Homeland Secretary Janet Napolitano and President Barack Obama trumpeted a new immigration policy in June, an announcement that culminated with an Obama Rose Garden press event during which he refused to take questions from the White House press corps about the controversial new policy.
Under the new “deferred action” policy, which critics have derided as an administrative application of the controversial DREAM Act, illegal aliens qualify to avoid deportation when they meet certain criteria.
Those eligible for special protection were under age 31 as of June 15, 2012; came to the United States before turning age 16; have resided continuously in the United States since June 15, 2007; “[a]re currently in school, have graduated or obtained a certificate of completion from high school, have obtained a general education development (GED) certificate, or are an honorably discharged veteran of the Coast Guard or Armed Forces of the United States”; and “[h]ave not been convicted of a felony, significant misdemeanor, three or more other misdemeanors, and do not otherwise pose a threat to national security or public safety.”
Sessions blasted Morton for his “apparent failure to support” ICE agents and the rule of the law over the Obama administration’s political agenda with these new directives. “There is no question that the Administration’s unilaterally decreed policy is contrary to codified federal law and places our law enforcement officers in an untenable position,” Sessions wrote to Morton on Tuesday. “It comes as no surprise that the morale of your agents has plummeted.”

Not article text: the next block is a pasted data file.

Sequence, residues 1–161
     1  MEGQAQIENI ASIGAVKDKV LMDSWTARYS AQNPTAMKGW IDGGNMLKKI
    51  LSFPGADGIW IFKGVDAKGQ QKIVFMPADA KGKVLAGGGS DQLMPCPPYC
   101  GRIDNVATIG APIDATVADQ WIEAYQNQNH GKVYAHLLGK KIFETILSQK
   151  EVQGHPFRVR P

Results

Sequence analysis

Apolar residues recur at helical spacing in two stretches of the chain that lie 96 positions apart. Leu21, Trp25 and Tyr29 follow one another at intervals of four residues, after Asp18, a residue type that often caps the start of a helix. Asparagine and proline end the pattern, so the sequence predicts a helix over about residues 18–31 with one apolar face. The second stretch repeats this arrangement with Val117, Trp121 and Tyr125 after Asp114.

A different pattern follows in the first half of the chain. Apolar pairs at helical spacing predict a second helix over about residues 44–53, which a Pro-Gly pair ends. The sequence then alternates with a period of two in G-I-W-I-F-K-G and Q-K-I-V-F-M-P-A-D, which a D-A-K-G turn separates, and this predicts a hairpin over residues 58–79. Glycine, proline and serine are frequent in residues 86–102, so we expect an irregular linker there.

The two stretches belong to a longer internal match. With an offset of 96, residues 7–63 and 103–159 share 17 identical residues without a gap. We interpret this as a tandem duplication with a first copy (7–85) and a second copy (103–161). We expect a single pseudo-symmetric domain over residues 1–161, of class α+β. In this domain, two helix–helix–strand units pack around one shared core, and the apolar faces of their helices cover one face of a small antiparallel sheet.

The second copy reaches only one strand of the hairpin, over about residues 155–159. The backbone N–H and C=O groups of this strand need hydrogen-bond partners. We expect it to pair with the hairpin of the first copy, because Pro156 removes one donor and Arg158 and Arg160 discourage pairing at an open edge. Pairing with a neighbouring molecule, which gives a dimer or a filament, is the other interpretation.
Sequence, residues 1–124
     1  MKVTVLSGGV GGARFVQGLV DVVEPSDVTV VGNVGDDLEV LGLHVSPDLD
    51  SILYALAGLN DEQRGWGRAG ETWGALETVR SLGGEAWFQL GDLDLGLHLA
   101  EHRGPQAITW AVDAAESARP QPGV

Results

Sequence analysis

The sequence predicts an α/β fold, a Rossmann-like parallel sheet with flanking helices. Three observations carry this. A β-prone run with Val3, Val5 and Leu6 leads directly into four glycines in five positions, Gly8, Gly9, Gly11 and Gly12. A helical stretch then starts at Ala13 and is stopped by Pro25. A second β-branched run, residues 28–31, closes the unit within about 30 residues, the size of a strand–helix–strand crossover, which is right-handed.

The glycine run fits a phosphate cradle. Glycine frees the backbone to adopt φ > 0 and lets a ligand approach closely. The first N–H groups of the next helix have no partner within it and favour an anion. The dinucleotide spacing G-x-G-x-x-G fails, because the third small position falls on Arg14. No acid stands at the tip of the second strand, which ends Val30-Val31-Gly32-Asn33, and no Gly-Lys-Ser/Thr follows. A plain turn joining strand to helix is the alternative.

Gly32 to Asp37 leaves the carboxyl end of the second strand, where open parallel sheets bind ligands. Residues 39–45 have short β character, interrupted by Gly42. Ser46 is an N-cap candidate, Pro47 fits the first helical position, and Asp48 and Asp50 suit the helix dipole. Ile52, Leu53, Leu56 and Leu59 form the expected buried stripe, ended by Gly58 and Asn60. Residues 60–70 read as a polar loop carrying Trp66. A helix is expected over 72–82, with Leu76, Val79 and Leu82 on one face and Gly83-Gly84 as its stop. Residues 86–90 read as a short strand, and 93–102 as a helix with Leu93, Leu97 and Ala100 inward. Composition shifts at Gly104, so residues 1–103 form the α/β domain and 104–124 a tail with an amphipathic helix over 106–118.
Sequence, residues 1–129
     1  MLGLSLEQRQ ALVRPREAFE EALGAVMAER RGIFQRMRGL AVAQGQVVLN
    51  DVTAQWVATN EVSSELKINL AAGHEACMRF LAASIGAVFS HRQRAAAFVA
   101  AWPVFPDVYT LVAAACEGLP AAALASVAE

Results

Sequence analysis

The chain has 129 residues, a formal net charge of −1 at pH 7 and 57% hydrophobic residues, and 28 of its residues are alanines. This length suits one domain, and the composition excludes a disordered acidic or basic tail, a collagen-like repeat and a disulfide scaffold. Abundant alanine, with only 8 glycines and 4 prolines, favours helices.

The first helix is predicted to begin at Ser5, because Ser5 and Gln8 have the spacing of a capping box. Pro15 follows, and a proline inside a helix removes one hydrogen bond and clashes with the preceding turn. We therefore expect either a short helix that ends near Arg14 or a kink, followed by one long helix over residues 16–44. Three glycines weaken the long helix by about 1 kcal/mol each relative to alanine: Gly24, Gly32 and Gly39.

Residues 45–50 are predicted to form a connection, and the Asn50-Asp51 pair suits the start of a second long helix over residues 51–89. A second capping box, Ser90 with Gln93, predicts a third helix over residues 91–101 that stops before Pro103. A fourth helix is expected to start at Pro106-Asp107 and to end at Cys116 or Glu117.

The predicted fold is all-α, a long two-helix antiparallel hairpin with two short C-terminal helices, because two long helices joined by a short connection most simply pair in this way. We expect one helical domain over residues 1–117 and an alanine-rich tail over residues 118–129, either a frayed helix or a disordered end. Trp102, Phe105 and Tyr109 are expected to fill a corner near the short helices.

The Alabama GOP Senator questioned Morton’s qualifications to continue in his position, writing, “Your apparent failure to support your officers in these incidents, and your evident lack of concern for the Administration’s decision to nullify the very laws they were sworn to enforce, raises serious questions about your ability to lead this agency.”
To implement the administration’s new immigration policy, Obama and Napolitano have ordered ICE agents to use “prosecutorial discretion” to release from custody those illegal aliens who meet the new criteria. While the administration announced that the criteria would apply only to a specific subset of cases, but it appears that discretion is being applied more broadly.
The released Delaware suspect, for example, was 35 years old when taken into custody, according to Sessions. And he was released without charges although he had entered the United States when he was 25. Both facts, the senator argued, should have made the suspect ineligible for the special protections the administration outlined in June.
“The facts are not in dispute. … It was discovered that the apprehended alien was a 35-year-old Mexican citizen unlawfully present in this country who had incurred ten misdemeanor traffic violations and did not have a driver’s license,” Sessions wrote in his letter to Morton on Tuesday.
“Your letter acknowledges that the alien arrived in the U.S. in September of 2002, meaning that he was an adult aged around 25 at the time of his illegal entry. He could not, therefore, qualify for ‘deferred action,’ even under the Administration’s unlawfully imposed DREAM Act directive. … In this case, the individual entered the country as an adult, is well over the age of 30, and had multiple misdemeanor infractions.”
“ICE supervisors had no interest of any kind in his educational background,” Sessions said. “He was not eligible for ‘deferred action,’ but he was released regardless under the far broader non-enforcement policy that has been quietly instituted.”